The State of Bay-Delta Science 2008
The State of Bay-Delta Science 2008 report is the CALFED Science Program's first extensive effort at compiling, synthesizing, and communicating the current scientific understanding of the San Francisco Bay Estuary and Sacramento-San Joaquin Delta ecosystems. Intended for resource managers, policymakers, and the public, the report provides relevant scientific information in context to help make important policy choices about the Delta. This first report focuses on what was learned during the first stage of the CALFED Program and provides a basis for upcoming decisions during CALFED's stage 2, the Delta Vision Strategic Plan, and other Delta planning initiatives.
Landmark Publication on the California Delta is now available.
- Download the electronic version of State of Bay-Delta Science, 2008.
- Summary: State of Bay-Delta Science, 2008
- Key Points from The State of Bay-Delta Science, 2008
- News Release: State of Bay-Delta Science, 2008
Hard copies of State of Bay-Delta Science, 2008 are available by contacting Jill McGee at firstname.lastname@example.org.
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Editorial Board Biographies
Michael Healey, Editor-in-Chief
Dr. Michael Healey received BSc and MSc degrees in Zoology from the University of British Columbia and a PhD in Natural History from the University of Aberdeen (Scotland). He began his professional scientific career in 1970, working on freshwater fisheries, with the Fisheries Research Board of Canada in Winnipeg, Manitoba. In 1974 he transferred to the Pacific Biological Station at Nanaimo, British Columbia, where he led a number of research teams investigating the ecology and productivity of Pacific salmon, including all five North American species. It was there that Dr. Healey became known internationally for his research on Chinook salmon.
In 1990, Dr. Healey joined the faculty of the University of British Columbia as Director of the Westwater Research Centre, an interdisciplinary research unit that focused on scientific and policy issues related to water. As Director of Westwater, he was instrumental in securing several major research grants, in particular a prestigious "ecoresearch" grant under a fund established by the federal government to support interdisciplinary research on environmental problems in Canada. Dr. Healey is author of more than 225 scientific articles and reports and is editor of 2 books on water and sustainable development.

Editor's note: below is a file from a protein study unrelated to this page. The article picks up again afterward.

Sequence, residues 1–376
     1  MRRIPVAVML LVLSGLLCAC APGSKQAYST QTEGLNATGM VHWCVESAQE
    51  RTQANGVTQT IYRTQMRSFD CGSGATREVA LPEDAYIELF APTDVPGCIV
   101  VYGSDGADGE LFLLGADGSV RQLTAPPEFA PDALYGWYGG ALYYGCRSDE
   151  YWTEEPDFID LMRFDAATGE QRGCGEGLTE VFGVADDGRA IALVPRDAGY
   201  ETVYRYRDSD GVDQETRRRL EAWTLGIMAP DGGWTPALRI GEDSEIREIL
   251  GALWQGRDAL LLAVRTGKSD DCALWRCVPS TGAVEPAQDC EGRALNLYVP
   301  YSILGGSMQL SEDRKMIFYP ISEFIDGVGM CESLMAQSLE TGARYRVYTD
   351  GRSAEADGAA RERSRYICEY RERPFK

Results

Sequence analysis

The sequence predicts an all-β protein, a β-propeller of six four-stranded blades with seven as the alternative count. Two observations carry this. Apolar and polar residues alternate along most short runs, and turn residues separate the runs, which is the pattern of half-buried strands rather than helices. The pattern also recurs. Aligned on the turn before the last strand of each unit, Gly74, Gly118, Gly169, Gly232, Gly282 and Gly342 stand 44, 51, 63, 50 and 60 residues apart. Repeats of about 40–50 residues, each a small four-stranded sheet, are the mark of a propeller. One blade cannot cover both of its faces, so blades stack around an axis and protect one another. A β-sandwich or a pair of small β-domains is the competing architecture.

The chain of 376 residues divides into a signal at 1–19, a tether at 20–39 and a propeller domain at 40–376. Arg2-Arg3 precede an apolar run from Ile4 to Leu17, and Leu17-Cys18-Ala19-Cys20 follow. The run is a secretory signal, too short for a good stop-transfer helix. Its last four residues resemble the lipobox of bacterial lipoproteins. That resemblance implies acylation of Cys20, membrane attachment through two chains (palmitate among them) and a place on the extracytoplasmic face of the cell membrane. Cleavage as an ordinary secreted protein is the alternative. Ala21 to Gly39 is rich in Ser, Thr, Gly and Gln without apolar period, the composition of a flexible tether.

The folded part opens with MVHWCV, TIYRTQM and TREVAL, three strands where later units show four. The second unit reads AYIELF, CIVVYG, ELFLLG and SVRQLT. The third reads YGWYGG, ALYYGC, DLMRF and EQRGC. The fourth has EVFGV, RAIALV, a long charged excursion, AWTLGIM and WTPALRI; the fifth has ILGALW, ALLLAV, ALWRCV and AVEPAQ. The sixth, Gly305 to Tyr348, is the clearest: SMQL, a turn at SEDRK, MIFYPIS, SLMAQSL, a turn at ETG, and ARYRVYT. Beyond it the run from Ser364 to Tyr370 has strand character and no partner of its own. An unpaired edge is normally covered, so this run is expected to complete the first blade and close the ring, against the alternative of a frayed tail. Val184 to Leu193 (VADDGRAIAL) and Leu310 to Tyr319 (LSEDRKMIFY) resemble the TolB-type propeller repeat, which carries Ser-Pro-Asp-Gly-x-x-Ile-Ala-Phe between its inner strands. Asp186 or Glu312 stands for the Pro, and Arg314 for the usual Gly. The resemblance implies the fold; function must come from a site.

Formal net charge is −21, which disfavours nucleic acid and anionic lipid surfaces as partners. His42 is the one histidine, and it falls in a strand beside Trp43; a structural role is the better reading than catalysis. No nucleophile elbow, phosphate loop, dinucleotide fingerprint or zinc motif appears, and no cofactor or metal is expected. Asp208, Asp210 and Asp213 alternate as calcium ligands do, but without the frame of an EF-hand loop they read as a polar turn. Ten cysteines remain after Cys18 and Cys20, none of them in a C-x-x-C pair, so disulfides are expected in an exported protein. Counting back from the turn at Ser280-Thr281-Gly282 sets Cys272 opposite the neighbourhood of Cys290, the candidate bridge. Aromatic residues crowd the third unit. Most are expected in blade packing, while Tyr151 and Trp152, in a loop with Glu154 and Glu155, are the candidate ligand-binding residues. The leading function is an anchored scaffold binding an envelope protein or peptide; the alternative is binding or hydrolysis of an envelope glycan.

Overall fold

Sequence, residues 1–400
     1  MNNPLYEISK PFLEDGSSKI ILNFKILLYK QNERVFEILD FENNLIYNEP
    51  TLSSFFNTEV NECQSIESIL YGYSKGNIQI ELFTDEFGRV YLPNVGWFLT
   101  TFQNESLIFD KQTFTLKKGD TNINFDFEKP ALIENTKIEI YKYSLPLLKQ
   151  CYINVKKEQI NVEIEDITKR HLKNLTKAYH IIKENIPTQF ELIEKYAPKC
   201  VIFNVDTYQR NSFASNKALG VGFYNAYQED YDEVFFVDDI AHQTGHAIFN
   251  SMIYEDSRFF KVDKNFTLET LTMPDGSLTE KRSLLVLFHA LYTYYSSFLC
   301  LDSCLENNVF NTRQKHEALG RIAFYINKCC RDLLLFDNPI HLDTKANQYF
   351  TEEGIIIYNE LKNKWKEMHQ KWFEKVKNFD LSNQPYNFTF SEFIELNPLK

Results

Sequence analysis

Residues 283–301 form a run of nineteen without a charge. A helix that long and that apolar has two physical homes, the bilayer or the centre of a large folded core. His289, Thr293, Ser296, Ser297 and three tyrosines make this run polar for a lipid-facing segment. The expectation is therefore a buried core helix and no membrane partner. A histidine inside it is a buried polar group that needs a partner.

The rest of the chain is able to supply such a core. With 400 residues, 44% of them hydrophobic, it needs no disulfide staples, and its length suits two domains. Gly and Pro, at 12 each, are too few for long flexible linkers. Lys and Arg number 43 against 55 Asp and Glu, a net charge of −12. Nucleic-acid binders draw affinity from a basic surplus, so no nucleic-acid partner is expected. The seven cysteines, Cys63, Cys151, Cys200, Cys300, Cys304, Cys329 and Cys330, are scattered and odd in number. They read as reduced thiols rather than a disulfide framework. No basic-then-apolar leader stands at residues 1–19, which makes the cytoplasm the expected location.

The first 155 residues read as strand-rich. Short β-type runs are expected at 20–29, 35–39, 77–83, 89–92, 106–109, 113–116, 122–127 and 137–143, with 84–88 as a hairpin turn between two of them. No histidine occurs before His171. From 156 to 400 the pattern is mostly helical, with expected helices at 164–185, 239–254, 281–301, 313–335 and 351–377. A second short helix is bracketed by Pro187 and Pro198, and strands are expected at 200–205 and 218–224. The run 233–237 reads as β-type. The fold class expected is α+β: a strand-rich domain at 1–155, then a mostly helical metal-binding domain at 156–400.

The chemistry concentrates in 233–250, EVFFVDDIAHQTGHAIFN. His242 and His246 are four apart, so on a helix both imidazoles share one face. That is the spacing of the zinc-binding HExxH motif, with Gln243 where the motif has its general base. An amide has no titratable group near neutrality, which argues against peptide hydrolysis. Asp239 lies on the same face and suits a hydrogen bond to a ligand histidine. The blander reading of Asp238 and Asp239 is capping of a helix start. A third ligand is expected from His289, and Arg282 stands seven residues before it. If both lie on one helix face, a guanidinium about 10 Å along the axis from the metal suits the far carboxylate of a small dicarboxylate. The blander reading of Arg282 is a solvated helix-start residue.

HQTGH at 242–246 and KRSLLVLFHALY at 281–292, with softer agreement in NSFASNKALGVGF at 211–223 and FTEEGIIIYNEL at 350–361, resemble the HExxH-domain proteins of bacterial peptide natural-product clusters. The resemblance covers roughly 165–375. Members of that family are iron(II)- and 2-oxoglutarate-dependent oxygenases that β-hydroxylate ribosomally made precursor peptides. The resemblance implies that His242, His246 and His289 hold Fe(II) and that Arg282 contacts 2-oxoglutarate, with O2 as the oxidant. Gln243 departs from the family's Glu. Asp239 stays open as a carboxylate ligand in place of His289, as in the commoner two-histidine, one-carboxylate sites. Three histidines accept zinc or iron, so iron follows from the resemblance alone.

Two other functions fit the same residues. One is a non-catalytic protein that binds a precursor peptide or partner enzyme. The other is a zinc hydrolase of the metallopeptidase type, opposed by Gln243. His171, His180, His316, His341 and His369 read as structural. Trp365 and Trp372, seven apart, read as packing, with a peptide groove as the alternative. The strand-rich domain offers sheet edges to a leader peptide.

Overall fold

Throughout his career, Dr. Healey has taken a strong interest in how scientific information is used in developing resource management policy. He is recognized internationally as an expert on the ecology of Pacific salmon but also as an expert in the design of resource management systems. His research and teaching are strongly interdisciplinary, which has made him conversant with a number of other disciplines important to resource management decision-making, in particular resource economics, decision analysis and policy analysis. He has served on many national and international boards and committees including at CALFED, the Core Team, which developed the strategic plan for CALFED Ecosystem Restoration Program (ERP), the ERP Science Board, and the CALFED Independent Science Board.
Dr. Michael Dettinger is a research hydrologist for the U.S. Geological Survey, Branch of Western Regional Research, and a research associate of the Climate, Atmospheric Sciences and Physical Oceanography Division at Scripps Institution of Oceanography, La Jolla, California. He has degrees from the University of California, San Diego, Massachusetts Institute of Technology, and a Ph.D. from the University of California, Los Angeles (Atmospheric Sciences). Dettinger has monitored and researched water resources of the West for over 25 years, focusing on regional surface water and groundwater resources, watershed modeling, causes of hydroclimatic variability, and climatic-change influences on western water resources. He has authored over 60 scientific articles in scholarly journals, 20 government reports, and another 60 articles in outreach and less formal outlets. Among other activities over the years, he has been the physical-sciences team leader for DOI-DOD ecosystem planning in the Mojave Desert, founding member of the multi-institutional CIRMONT Western Mountain Climate Sciences Consortium, climate advisor to the CALFED Science Program, member of the Climate Change Technical Advisory Group for DWR’s upcoming 2009 Water Plan Update, and member of the external Science Steering Group for the multi-agency federal Global Water Cycle Program.